The Blood Code
Ivanov’s collection, escaped his security goons at the spa, and made it all the way here, bleeding, in a stolen car. What do you think?”
    The side of his mouth quirked. “I think you’re resourceful as well as industrious.”
    Anya couldn’t stop the satisfaction that flooded her. “Exactly. I’m the one person who can get up close and personal with Ivanov. So tell me, Eddie…” She used the code name to make her point. “What do you need me to do?”

Chapter Six
    Twenty-four hours later
    “I want your assurance,” Ambassador Lutz said from behind his massive cherry desk, “that you’re not going to screw up everything we’ve accomplished with Ivanov in the past seven months.”
    Ryan stared out the US Embassy window and absently watched snow pour from the heavens, wishing he could see the Great Kremlin Palace.
    The Palace was an enormous complex, and Anya was one person, all alone, inside. If she’d kept his sweater, he’d have no trouble finding her using the miniature tracking device he’d planted in the seam. The MTD—the size of a pinhead—would only transmit when activated. Ryan just hoped he wouldn’t have to turn it on.
    The nuclear reduction summit was scheduled to start the next day, but his mission would begin tonight, within the hour, at the opening ceremonies.
    If, that was, he could get the US Ambassador off his large backside and into the waiting limo outside. Ryan turned from the window and gave Aldridge Lutz his sincere, you-can-trust-me face. “Of course, sir. My only goal is to assist President Pennington.”
    The ambassador’s heavy jowls worked up and down above the tight collar of his tux as if were chewing over Ryan’s words. “Ivanov is a friend to the United States. Hell, he’s my friend. I want your assurances everything will go smoothly during the summit. If you, or the president’s entourage, step on Ivanov’s toes, you make my life a whole lot more difficult. Understood?”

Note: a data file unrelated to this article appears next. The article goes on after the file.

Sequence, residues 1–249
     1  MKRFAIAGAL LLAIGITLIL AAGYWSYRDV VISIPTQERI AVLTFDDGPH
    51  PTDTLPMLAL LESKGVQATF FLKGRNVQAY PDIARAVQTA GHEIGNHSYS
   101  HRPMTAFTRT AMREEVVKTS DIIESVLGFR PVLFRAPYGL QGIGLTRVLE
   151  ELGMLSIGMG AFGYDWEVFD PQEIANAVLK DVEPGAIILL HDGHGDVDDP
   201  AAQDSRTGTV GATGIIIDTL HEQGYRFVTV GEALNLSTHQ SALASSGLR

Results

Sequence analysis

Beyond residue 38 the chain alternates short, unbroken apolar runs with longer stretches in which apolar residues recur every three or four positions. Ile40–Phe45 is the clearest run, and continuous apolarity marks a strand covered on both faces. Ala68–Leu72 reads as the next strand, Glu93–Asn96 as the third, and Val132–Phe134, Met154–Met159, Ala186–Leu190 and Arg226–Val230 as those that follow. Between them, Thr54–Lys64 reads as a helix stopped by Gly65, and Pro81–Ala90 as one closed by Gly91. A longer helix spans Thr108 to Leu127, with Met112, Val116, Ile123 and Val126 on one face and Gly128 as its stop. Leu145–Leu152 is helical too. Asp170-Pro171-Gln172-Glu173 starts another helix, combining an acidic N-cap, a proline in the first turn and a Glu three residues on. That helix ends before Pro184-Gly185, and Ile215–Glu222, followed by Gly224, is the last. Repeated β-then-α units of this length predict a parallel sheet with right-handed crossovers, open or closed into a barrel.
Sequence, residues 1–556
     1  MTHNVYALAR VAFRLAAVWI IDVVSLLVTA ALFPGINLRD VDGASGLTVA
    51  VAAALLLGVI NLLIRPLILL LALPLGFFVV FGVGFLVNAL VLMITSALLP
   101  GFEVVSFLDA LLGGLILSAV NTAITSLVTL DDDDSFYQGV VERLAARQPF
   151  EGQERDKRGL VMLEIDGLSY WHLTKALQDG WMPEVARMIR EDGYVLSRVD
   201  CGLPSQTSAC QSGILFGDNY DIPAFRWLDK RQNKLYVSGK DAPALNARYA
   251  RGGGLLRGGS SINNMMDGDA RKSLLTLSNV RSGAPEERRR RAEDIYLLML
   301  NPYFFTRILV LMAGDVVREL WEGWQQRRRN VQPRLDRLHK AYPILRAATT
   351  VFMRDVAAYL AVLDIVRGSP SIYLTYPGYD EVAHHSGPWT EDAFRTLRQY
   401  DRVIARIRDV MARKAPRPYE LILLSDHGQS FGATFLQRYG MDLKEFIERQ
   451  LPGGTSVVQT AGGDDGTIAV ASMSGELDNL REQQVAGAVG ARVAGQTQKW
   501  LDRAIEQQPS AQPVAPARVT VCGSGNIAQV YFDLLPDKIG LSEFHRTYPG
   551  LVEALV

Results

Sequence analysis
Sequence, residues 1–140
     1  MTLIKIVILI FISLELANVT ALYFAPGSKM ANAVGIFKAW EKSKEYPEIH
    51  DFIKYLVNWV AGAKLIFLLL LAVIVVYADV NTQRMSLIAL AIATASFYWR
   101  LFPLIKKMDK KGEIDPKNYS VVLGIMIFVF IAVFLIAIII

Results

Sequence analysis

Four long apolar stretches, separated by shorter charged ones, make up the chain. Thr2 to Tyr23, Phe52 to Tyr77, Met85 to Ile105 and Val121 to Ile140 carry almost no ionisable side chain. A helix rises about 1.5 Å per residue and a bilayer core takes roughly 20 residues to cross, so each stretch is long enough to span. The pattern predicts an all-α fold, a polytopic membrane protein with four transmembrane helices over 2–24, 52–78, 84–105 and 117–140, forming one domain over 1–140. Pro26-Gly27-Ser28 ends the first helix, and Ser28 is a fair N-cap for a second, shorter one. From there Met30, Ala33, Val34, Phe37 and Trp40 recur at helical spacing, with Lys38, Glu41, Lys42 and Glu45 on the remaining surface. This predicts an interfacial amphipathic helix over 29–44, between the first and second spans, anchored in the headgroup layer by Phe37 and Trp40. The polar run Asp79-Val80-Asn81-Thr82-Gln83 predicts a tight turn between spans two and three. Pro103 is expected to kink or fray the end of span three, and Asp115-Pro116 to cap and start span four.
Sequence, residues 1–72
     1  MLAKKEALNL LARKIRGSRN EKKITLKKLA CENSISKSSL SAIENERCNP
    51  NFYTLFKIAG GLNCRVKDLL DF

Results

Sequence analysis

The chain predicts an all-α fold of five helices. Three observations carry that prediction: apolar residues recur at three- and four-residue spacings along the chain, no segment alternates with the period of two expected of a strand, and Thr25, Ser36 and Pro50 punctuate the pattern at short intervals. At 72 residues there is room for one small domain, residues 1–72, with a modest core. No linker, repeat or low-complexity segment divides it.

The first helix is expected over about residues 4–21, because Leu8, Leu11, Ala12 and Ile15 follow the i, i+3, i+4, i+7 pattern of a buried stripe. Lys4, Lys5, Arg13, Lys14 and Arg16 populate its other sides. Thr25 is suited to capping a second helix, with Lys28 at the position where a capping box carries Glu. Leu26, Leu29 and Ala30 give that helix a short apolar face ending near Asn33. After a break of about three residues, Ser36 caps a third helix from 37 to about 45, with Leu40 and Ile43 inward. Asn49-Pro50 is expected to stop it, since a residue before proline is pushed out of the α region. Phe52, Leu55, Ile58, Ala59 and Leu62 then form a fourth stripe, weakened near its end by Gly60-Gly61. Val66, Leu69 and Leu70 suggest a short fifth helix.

Five thousand miles from D.C. and Ryan still couldn’t get away from diplomatic ignorance, or the State Department’s misguided ideas about the way the real world worked. Lutz’s attitude was more dangerous to his mission than being inside the Kremlin surrounded by Ivanov’s secret police. Lutz didn’t know Ryan was the CIA’s director of operations in Europe and Asia, and wouldn’t benefit from knowing the truth about Ryan’s covert mission any more than he’d benefit from Ryan showing him the sixty pages of transcripts, faxes, and eyewitness accounts, including Anya’s, suggesting Ivanov was no friend to the United States. So Ryan lied. “I assure you, sir, I’m only acting on behalf of the president, and we have no intention of stepping on anyone’s toes.”
    “And your two assistants?”
    Lutz said the word assistants like he was talking about a couple of rats.
    Come to think of it, Del and Josh were rat-like in their intelligence and sneakiness, but that’s where the similarities ended. The computer geek and weapons expert were more like Ryan’s left and right hands outside the Kremlin once he went in. They’d outfitted his tux with a button camera, a doped-up optical fiber communication system in his cummerbund, and a smart card reader in the heel of one of his Bruno Magli’s. Since he couldn’t openly carry a weapon, Josh had loaded Ryan up with a few everyday items that would double as such. From the keys on his key chain to the buckle on his belt, he was a walking WMD.
    He hadn’t planned on needing a weapon, since recruiting an asset was tedious work but rarely dangerous. However, this was Russia, and the asset he was targeting was a deputy prime minister in Ivanov’s cabinet. With any undercover op, things could get dicey, and in Ryan’s world, “Be Prepared” wasn’t just the Boy Scout motto. Combined with the accusations Anya had made about Ivanov and his New World Order, Ryan wasn’t taking chances. “You won’t even know they’re here.”

Similar Books

Fire Watch

Connie Willis

2 Pane of Death

Sarah Atwell

Evenings at Five

Gail Godwin

Total Submission

Roxy Sloane

The Vanishing Sculptor

Donita K. Paul

Hell Bent

William G. Tapply


Asha King

Through Wolf's Eyes

Jane Lindskold